Monday, April 14, 2008

Progressive Liberty in the Commons - What is "Progressive" and what is "Liberty"?

A persistent conundrum for those of us with libertarian sympathies is that individual freedom and the common-good seem, almost by definition, to be mutually exclusive.

So how can a concerned individual justify individual liberty when we understand the dynamics of some groups, where individuals acting in their own self-interest make decisions that when combined with the similar self-interested decisions of other individuals tend to despoil the environment (or, beyond environmental issues, where individual aggressive impulses that when combined with similar impulses of others lead to moblike or warlike behavior)?

We may recall that this was the scenario illustrated in Garrett Hardin's classic 1968 essay, "Tragedy of the Commons," in which Hardin concluded that personal self interest, unchecked by any limiting factor, may lead to environmental destruction: "The rational man finds that his share of the wastes he discharges into the commons is less than the cost of purifying his wastes before releasing them. Since this is true for everyone, we are locked into a system of 'fouling our own nest,' so long as we behave only as independent, rational, free-enterprisers." (I explore the issue of the commons and formal property regimes in a 1999 book chapter entitled "Common Property and Natural Resource Management: A Michigan Perspective," which appears in the book series "The Economics of Legal Relationships" (vol. 5)).

"Progressive Liberty" is an attempt to reconcile the seemingly contradictory concepts of individual liberty and the common-good.

Looking first at the "Liberty" part, an excellent place to start is with the "harm principle" enunciated in J.S. Mill's 1859 classic "On Liberty":

"[There is but] one very simple principle, as entitled to govern absolutely the dealings of society with the individual in the way of compulsion and control, … that the sole end for which mankind are warranted, individually or collectively, in interfering with the liberty of action of any of their number, is self-protection. That the only purpose for which power can be rightfully exercised over any member of a civilized community, against his will, is to prevent harm to others…. The only part of the conduct of any one, for which he is amenable to society, is that which concerns others. In the part which merely concerns himself, his independence is, of right, absolute. Over himself, over his own body and mind, the individual is sovereign." (I discuss Mill's harm principle in greater detail in a 2005 Willamette Law Review article entitled "Reviving a Natural Right: The Freedom of Autonomy").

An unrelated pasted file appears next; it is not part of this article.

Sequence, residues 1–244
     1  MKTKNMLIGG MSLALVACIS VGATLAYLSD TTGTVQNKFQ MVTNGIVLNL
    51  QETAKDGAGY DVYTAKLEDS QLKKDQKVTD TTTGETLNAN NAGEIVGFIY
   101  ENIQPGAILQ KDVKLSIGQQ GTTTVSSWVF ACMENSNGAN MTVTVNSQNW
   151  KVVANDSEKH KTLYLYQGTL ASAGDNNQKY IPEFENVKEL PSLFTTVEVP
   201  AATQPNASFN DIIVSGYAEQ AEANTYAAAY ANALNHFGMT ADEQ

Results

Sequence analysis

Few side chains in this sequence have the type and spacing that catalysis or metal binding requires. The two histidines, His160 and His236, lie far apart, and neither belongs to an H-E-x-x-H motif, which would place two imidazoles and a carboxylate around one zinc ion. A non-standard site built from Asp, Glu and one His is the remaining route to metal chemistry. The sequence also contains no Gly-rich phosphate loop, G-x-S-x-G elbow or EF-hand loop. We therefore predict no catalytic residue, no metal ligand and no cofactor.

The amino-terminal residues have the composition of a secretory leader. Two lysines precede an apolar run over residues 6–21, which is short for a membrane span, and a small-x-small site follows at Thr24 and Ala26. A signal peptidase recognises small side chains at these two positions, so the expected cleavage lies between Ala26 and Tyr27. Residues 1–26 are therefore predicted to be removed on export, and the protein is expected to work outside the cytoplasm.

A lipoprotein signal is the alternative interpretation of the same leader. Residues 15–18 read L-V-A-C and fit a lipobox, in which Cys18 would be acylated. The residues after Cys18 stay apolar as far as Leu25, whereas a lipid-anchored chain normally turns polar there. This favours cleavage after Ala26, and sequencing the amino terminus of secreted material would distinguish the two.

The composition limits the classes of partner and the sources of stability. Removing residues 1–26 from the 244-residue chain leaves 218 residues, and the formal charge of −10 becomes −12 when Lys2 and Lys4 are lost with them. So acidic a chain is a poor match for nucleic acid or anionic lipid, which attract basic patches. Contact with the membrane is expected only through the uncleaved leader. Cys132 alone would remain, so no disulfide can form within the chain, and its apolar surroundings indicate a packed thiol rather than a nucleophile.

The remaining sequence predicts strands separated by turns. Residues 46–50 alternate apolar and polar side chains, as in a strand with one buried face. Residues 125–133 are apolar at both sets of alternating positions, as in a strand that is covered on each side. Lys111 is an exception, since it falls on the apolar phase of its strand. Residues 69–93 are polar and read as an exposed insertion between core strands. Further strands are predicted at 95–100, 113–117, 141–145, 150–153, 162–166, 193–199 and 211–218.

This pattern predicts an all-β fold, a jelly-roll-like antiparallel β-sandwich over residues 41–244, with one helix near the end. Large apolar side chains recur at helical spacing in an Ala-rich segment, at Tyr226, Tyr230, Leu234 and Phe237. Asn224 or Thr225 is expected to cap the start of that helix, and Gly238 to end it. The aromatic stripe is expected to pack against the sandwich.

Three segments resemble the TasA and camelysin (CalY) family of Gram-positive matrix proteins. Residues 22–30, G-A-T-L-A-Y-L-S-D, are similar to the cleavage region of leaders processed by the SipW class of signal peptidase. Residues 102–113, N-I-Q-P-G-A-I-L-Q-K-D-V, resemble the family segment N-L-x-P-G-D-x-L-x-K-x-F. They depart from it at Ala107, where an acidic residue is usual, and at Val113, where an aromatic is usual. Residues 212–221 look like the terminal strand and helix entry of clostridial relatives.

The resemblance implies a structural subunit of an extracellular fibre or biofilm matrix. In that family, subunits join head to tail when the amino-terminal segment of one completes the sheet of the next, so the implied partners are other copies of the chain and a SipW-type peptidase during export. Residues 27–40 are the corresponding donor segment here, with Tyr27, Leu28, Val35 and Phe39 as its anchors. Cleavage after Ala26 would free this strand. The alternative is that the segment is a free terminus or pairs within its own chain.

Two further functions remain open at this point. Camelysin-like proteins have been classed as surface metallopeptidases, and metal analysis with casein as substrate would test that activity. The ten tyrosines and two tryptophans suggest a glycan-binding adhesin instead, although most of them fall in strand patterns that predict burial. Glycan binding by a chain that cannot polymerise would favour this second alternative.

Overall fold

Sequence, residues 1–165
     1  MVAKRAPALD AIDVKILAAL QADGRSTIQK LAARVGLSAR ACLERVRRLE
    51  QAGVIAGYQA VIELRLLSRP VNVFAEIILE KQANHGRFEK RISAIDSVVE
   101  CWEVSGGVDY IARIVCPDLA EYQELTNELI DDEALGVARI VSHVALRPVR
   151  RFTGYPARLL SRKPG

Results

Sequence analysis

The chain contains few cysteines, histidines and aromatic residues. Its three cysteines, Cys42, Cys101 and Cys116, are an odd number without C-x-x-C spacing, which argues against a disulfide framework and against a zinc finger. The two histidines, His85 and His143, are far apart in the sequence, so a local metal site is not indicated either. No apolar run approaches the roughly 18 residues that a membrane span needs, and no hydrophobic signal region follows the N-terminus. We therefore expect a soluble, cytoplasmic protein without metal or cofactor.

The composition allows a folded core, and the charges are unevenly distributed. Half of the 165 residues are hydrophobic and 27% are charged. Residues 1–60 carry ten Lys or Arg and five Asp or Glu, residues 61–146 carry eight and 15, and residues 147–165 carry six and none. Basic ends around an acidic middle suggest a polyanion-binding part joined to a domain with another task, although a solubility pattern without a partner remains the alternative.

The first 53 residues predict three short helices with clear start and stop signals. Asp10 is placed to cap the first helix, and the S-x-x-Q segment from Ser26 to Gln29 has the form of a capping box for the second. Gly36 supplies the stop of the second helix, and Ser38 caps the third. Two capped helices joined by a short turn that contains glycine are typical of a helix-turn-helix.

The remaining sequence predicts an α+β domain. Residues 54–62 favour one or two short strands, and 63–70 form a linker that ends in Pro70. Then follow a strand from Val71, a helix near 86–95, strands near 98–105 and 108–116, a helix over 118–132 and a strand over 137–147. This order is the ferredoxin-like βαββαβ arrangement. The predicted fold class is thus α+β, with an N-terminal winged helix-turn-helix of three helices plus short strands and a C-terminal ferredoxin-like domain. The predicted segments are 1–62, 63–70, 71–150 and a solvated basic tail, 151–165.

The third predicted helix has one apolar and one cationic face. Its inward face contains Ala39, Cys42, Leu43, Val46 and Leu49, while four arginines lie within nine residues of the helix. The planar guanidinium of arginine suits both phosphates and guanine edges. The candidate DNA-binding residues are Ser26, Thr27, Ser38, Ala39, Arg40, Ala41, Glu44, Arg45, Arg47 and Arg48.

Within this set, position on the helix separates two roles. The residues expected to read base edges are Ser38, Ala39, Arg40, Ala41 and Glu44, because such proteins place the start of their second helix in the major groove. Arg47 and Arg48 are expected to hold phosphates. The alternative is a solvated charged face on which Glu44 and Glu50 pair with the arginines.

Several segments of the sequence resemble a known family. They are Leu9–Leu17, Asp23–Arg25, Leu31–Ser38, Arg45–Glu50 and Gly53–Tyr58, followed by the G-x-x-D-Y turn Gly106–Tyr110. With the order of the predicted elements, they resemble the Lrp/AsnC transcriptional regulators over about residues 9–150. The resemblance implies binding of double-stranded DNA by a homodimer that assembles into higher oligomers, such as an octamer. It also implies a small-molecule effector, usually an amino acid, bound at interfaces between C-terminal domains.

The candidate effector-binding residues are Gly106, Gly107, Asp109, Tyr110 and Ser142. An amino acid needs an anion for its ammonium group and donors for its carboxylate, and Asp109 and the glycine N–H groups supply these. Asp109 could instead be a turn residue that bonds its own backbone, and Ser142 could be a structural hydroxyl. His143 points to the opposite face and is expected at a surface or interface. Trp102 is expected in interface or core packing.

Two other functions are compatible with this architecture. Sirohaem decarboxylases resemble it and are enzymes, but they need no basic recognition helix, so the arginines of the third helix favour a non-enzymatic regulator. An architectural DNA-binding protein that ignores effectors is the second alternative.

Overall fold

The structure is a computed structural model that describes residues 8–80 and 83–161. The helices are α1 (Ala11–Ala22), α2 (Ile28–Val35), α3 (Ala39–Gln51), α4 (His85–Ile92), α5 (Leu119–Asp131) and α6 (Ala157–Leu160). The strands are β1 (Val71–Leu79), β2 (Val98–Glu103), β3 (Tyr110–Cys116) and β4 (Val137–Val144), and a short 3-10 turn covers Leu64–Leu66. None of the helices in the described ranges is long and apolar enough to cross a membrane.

Yale professor Ian Shapiro suggests, “think of the harm principle as operating in two steps. When evaluating a particular action or policy, the first step involves deciding whether the action causes, or has the potential to cause, harm to others. If the answer is no, then the action is in the self-regarding realm and the government would be unjustified in interfering. Indeed, in that case the government has a duty to protect the individual’s freedom of action against interference from others as well. If, however, the answer to the initial query is yes, then different considerations arise. We are then in a world in which harm is being committed willy-nilly, and the question is: What, if anything, should the government do about it? In this regard, a more accurate summation of the harm principle than the more famous formulation already quoted [is]: ‘As soon as any part of a person’s conduct affects prejudicially the interests of others, society has jurisdiction over it, and the question whether the general welfare will or will not be promoted by interfering with it becomes open to discussion. But there is no room for entertaining any such discussion when a person’s conduct affects the interests of no persons besides himself.’” (Shapiro, The Moral Foundations of Politics p.61).

So this is where the "Progressive" part of Progressive Liberty comes in. As Shapiro states, society has jurisdiction over a person's conduct when that conduct prejudicially affects, or harms, the interests of others. In this case it is open to discussion through the democratic process whether the common good will be promoted by regulating the individual's conduct (liberty). Through progressive legislation, then, the society strikes a balance.

It is important to re-emphasize Shapiro's point, however, that short of the point at which a person's conduct affects the interests of no persons besides himself , "there is no room for entertaining [memorializing into law] any such discussion." "Liberty" prevails and the individual's autonomy cannot be touched by government.

This last point is crucial, in light of government's unceasing, inexorable, and perhaps-inevitable tendency to interfere inappropriately in individual conduct. (I propose a judicial standard of review to address and counteract this overreaching tendency of government in a 2007 article in the Louisiana Law Review entitled "Government as Liberty's Servant: The 'Reasonable Time, Place and Manner' Standard of Review for All Government Restrictions on Liberty Interests").